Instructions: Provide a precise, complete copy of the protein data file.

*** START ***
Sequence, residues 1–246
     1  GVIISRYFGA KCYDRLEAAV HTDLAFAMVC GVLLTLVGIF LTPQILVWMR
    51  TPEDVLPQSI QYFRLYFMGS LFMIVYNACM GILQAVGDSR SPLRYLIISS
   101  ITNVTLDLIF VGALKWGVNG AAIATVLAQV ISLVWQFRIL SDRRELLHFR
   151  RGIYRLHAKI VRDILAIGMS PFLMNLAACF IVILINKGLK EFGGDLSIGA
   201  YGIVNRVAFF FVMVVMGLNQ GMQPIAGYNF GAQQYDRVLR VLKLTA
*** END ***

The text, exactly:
Sequence, residues 1–246
     1  GVIISRYFGA KCYDRLEAAV HTDLAFAMVC GVLLTLVGIF LTPQILVWMR
    51  TPEDVLPQSI QYFRLYFMGS LFMIVYNACM GILQAVGDSR SPLRYLIISS
   101  ITNVTLDLIF VGALKWGVNG AAIATVLAQV ISLVWQFRIL SDRRELLHFR
   151  RGIYRLHAKI VRDILAIGMS PFLMNLAACF IVILINKGLK EFGGDLSIGA
   201  YGIVNRVAFF FVMVVMGLNQ GMQPIAGYNF GAQQYDRVLR VLKLTA